What if you could GPS report your location to a taxi or car service, report to traffic enforcement a car that blatantly cut you off on your bike, or crowdsource a position for your startup production company instantly from an app on your phone? What if the working but uninsured could flash mob an influential presence for universal health insurance at a sudden, but single moment? What if the city could immediately inform you when the complaints you yourself issue to MTA or the parks service, based on their own planned schedules, could be addressed? These are but a few of the kinds of problems and solutions New Yorkers have suggested be tackled by the first ever “Great Urban Hack” going down this weekend.
Coders, open source techs, and journalists are getting together to realize, design, code, create and report on projects to help New Yorkers get more information day to day, and thus engage even more in our fair city. In a 36 hour marathon at Eyebeam Art + Technology Center on the West Side this weekend, WNYC, the Knight Foundation, and Hacks/Hackers, an NYC group of computer programmers, tech gurus, and writers who evidently band together to alleviate some of New Yorker’s technical difficulties, are staging this first of it’s kind event. It seems to be something of a coup de grace, their first all night hack-a thon, of sorts. Bringing together public data and input, combined with information and innovation, the goal is to end the weekend with an unknown number of web tools, phone or tablature apps, and other innovations built within the time of the 36 hour stretch. Over the course of the two days, participants will brainstorm together, come up with problems plaguing our urban lives, and come up with solutions in the form off apps, website tools, etc.
The event is open to the public for $25 reported to help fund the organization, the snacks, and I’m sure the coffee needed to help everybody make it through the perfect brainstorm. Click here for an RSVP. According to Hacks/Hackers website:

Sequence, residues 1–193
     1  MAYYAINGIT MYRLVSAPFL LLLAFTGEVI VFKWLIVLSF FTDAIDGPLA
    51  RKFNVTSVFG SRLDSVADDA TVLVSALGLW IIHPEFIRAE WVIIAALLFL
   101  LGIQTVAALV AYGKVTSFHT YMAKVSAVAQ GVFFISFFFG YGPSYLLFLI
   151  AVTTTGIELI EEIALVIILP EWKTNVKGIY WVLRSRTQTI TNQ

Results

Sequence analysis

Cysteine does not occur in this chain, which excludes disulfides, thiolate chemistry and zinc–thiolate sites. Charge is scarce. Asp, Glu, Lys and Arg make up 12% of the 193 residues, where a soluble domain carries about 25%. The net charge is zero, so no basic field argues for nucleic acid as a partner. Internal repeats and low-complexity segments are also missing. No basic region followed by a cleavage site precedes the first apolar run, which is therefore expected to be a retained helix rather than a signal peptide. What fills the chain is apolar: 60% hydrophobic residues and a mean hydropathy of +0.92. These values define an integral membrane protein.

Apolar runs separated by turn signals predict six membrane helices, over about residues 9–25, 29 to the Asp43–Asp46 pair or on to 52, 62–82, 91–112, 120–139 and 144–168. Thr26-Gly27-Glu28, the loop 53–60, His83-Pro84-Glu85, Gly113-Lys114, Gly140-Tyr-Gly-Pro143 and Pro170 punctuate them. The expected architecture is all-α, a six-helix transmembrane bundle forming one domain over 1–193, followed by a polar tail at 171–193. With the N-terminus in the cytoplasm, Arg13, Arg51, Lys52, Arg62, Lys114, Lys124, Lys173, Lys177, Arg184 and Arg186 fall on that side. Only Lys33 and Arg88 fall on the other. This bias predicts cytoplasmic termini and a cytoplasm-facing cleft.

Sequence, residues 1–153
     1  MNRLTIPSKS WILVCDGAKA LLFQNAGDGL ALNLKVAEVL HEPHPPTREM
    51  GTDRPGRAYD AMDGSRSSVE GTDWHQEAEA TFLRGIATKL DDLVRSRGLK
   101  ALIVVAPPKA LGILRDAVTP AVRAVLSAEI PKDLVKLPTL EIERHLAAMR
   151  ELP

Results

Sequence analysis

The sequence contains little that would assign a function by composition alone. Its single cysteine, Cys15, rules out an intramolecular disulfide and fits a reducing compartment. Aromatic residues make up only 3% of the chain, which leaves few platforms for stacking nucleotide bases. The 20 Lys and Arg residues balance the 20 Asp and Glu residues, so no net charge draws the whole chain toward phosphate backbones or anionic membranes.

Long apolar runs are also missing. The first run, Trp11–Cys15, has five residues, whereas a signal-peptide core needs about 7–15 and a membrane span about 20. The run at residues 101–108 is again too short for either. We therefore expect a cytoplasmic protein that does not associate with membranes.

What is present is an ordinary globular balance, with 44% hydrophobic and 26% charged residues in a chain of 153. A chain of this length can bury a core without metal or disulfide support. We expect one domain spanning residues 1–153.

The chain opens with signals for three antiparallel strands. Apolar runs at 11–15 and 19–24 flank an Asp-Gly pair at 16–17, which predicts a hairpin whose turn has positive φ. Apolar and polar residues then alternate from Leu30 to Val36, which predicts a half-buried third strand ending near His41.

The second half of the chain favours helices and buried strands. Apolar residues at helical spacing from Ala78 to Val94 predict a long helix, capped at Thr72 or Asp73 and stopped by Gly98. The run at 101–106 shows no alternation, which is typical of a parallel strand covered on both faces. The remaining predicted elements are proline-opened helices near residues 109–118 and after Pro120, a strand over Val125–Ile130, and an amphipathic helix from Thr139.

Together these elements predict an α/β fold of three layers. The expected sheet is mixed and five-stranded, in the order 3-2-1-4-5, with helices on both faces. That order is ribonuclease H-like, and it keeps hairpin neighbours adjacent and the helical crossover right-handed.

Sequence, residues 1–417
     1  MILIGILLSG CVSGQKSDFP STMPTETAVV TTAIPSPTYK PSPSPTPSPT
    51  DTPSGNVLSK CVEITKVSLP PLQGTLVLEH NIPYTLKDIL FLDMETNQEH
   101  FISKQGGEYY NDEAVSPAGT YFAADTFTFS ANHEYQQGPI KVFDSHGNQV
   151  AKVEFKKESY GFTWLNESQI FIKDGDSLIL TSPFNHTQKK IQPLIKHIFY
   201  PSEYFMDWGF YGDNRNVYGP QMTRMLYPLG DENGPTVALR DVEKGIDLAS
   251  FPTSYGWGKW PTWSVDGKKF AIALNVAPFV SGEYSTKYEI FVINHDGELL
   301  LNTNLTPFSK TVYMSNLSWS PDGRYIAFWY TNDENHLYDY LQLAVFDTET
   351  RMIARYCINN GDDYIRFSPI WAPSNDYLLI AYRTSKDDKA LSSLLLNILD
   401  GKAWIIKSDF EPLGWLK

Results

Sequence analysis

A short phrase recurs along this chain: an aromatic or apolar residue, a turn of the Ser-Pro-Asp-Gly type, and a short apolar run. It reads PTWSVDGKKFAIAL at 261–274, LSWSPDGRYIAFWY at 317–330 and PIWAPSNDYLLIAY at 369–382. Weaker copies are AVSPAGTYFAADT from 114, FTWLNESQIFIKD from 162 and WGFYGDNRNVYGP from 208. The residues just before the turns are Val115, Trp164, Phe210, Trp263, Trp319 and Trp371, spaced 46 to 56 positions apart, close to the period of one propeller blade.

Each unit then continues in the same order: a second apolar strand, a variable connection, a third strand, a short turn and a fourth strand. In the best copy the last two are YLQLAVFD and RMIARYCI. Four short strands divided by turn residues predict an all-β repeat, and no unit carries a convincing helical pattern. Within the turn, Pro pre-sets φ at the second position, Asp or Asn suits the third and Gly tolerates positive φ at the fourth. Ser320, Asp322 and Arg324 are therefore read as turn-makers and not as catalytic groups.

The New York City Big Apps challenge will be there to speak, plus a rep from the Department of Information Technology and Telecommunications. Also Mark Malkoff, the viral video comedian who worked for the Colbert Show for four years, will be on hand.”
Seems cool. Might even be worth checking out. Journalists recognize social problems. Programmers make useful formulas and manipulate data. Maybe you could go and help it all make sense. Either way, I’m glad its happening. What we need is an app to tell you if that show at the less-than-legal warehouse is going to be shut down that night.
Click here to check out the marathon ground rules , according to Hack/Hacker:
1. Projects should not be under development prior to the start of the event. Pre-existing code libraries, APIs, sketches, and similar raw materials are allowed, but the spirit of the event encourages participants to build what they can in 36 hours.
2. Choose an Open Source Initiative-approved license http://www.opensource…, or, if for a non-code project, a Creative Commons license if an OSI license does not meet your needs.
3. Projects aren’t limited to code or an app. Creating websites, design systems, information graphics, maps, etc. are OK!
4. We encourage participants to work with at least one person at the event who they don’t already know.